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Milagro Design

Protocols and Technology

Identity Based Encryption

M-Pin and Chow Choo are in the class of Identity Based Encryption protocols, which use pairings in their construction. The M-Pin Protocol is intended to replace the well-known Username/Password authentication mechanism which is widely considered to be effectively broken.

The main problem is the existence of a password file on the server, which is commonly stolen and hacked, revealing most user passwords.

The idea behind Milagro's Zero-Knowledge Proof Multi-Factor Authentication (ZKP-MFA) Server is that each registered client is issued with a secret cryptographic key derived from their identity. They then prove to the Milagro ZKP-MFA Server that they are in possession of this key using a zero-knowledge proof protocol, which can be extended to include authenticated key agreement.

This protocol design eliminates the need for any information related to clients, or their keys, to be kept on the authentication server. Should an attacker penetrate the server, it is impossible to deduct any information about end users because it doesn't exist, at least within the authentication system.

Common to both Chow-Choo and M-Pin is that the keys are issued in shares, not as whole keys, by entities called Decentralized Trust Authorities. Only the clients who receive all of the shares from the D-TA's, will ever know their completed whole keys.

Industry commentators have long advocated a multi-factor solution. The novel feature of M-Pin and Chow-Choo is that the cryptographic secrets issued to clients or peers may be safely split up into any number of independent factors.

Each of these factors has the same form; they are points on an elliptic curve. To recreate the original secret, they are simply added together again -- it's as simple as that.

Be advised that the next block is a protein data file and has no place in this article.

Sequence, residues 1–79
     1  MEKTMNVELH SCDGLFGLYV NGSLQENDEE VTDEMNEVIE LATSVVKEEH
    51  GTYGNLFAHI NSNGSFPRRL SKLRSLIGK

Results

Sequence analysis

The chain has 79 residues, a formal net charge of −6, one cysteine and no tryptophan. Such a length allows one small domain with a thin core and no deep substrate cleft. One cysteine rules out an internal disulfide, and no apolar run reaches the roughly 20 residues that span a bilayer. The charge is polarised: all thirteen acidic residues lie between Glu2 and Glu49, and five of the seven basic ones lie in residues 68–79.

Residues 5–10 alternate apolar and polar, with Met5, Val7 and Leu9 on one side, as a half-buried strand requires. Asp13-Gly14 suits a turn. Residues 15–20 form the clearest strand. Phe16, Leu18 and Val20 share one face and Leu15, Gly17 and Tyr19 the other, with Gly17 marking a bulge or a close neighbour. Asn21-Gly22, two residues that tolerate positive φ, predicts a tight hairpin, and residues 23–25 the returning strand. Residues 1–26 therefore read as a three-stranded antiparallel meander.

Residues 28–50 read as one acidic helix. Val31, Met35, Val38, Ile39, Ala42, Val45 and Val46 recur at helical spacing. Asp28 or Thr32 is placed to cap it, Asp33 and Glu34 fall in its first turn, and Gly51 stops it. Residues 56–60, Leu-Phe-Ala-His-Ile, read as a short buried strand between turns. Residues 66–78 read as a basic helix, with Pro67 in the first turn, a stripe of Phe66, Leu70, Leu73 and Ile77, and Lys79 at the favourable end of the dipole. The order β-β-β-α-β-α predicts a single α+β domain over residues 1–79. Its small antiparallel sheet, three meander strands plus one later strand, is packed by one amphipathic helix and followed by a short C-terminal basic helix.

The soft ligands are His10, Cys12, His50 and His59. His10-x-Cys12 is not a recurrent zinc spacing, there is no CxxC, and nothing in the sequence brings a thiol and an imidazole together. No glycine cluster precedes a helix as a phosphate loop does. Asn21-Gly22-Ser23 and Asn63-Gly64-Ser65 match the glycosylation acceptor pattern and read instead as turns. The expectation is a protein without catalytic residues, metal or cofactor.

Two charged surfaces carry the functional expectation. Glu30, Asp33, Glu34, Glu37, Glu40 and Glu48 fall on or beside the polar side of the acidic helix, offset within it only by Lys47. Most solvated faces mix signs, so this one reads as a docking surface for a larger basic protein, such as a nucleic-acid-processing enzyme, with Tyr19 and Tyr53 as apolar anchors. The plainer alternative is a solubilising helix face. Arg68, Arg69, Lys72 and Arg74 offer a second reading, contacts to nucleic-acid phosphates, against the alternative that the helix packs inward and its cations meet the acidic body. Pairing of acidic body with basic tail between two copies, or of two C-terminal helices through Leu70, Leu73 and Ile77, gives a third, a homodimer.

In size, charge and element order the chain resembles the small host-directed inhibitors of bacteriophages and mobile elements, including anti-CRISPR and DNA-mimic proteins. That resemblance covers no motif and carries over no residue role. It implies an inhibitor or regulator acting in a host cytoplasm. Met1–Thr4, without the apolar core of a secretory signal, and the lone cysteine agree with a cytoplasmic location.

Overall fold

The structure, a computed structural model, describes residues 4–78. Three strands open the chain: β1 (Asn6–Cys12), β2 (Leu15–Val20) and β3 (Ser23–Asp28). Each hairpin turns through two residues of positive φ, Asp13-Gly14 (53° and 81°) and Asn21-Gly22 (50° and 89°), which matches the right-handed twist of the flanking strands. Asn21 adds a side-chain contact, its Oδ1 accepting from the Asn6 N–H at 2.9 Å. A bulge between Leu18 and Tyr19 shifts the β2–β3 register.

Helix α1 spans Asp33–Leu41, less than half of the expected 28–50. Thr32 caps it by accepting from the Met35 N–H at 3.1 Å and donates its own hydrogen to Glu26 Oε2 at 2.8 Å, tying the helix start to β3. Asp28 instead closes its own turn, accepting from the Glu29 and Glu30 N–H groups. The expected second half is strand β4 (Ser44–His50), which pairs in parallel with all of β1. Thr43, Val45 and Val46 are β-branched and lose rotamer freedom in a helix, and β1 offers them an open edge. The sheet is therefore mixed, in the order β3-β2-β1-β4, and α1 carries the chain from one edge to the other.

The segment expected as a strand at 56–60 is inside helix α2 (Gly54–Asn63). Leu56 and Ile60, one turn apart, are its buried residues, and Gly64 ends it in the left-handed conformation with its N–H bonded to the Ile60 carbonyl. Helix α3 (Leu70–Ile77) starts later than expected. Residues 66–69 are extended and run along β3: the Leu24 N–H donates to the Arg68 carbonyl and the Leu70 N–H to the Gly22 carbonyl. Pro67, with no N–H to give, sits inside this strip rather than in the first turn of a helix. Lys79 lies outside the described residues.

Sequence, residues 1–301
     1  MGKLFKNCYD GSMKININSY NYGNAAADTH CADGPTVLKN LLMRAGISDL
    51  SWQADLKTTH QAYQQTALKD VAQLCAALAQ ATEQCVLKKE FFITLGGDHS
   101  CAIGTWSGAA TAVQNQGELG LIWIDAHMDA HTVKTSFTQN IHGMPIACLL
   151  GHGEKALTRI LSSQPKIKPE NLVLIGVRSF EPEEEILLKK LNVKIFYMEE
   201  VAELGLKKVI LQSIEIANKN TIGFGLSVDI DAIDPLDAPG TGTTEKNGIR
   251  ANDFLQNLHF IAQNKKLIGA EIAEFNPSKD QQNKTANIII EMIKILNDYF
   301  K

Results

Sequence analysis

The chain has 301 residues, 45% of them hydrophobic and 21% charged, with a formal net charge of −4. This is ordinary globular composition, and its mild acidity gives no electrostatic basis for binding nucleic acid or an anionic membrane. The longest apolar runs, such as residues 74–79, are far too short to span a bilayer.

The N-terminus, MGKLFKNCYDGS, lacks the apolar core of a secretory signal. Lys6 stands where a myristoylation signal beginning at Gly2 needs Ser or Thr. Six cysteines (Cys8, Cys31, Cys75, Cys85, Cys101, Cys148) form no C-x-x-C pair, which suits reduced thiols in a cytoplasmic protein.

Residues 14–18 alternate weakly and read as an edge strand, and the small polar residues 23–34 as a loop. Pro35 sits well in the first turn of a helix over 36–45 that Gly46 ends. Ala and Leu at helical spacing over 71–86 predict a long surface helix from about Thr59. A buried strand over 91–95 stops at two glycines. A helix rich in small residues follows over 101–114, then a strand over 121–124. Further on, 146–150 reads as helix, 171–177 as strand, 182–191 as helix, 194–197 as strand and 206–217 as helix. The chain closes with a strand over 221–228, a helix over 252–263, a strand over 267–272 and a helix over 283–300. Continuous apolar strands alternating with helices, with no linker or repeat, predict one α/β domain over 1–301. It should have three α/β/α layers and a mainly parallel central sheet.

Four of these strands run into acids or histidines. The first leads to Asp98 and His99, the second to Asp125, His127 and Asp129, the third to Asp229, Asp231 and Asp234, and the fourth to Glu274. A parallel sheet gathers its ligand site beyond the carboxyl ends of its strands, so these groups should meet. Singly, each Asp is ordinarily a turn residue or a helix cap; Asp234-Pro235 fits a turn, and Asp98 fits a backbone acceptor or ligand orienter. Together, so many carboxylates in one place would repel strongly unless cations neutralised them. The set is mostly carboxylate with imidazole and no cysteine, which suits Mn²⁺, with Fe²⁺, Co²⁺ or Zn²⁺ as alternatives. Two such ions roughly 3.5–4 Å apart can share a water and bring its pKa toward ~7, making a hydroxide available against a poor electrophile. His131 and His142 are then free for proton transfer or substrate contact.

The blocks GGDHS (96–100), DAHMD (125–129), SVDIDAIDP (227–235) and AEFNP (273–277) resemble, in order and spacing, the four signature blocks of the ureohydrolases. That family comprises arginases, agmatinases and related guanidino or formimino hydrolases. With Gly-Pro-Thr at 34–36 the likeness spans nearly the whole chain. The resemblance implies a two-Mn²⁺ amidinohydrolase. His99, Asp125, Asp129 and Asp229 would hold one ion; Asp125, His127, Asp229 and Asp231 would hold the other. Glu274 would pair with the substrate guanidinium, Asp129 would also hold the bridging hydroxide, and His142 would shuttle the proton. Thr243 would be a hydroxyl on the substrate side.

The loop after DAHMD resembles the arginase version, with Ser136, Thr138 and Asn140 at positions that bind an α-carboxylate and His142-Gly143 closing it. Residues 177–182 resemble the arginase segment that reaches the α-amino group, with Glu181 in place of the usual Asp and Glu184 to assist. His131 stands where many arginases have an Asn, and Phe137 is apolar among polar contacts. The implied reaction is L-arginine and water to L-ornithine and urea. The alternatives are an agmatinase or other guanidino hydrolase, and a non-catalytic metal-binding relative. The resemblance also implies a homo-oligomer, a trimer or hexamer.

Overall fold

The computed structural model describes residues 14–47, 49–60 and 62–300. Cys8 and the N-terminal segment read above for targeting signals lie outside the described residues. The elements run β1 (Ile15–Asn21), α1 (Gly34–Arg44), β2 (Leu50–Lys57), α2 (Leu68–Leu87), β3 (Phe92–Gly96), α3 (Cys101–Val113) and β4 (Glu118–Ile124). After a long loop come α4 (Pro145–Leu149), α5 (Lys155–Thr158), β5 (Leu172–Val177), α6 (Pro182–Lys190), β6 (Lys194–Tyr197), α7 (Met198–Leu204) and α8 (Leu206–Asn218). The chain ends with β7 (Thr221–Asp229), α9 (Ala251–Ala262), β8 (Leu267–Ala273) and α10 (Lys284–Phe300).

One factor might be derived from a key unlocked from the biometric login (ex: FaceID) which is available as a PIN input on a successful biometric authentication. This 'biometric based' PIN is, on Apple hardware, stored in the secure element of the device (something you are). Another factor might be the remainder token securely stored in the authenticator app on a smartphone (something you have). Yet a final piece can be a PIN or passphrase (something you know), which is secure as the M-Pin client secret cannot be brute force attacked offline.

Decentralized Identity

Milagro applications use these identity based protocols in combination with classical cryptosystems where the endpoint generates a public/private key pair and the private key never leaves the application or device.

An entity running a Milagro application attaches the public keys it has generated upon initialization to a self sovereign identity document (ID Document), that only reveals a unique account code as identifier. This ID document is signed by the Milagro and distributed over a decentralized identity system built upon IPFSfirst, so each ID Document lives on an immutable, operation-based conflict-free replicated data structure (CRDT), which is accessible to any other Milagro application.

For further detail, please see the format specification for ID Documents.

Encrypted Envelope

ID Documents enable messages, called Encrypted Envelopes, containing secrets to be sent between endpoints running Milagro software. This can include clients, servers and peers and Milagro ZKP-MFA Servers, ZKP-MFA clients and Decentralized Trust Authorities. The ID Documents of recipients are available to any endpoint, so their public keys can be used to secure secrets in transit. In the case of digital asset custody, these messages need to be part of a permanent record, available in a decentralized, immutable data structure (like a blockchain). Given the permanence of this data, the privacy design of these immutable records need to account for advances in quantum cryptography.

Messages and immutable records are encrypted with AES-GCM at a 256-bit level with parameters anticipating quantum cryptography. It is necessary to know the recipient's public key, obtained via the ID Document, in order to encapsulate the encryption key for each recipient of the message or entity who has access to the Immutable Record.

SIKE keys pairs are generated locally by endpoints running Milagro software, are not received in shares from D-TAs. SIKE public keys are used by the sender of a message to encapsulate the AES 256-bit key used to create the Encrypted Envelope. An encapsulation takes place once for every recipient and is affixed to the Encrypted Envelope.

BLS signatures handle two jobs. Like SIKE key pairs, BLS signature key pairs are generated locally by endpoints running Milagro software, are not received in shares from D-TAs. The signatures these keys generate enable the non-repudiation of Encrypted Envelopes between endpoints and stored long term as immutable records. This is a classic use case of digital signatures, like PGP signatures over email.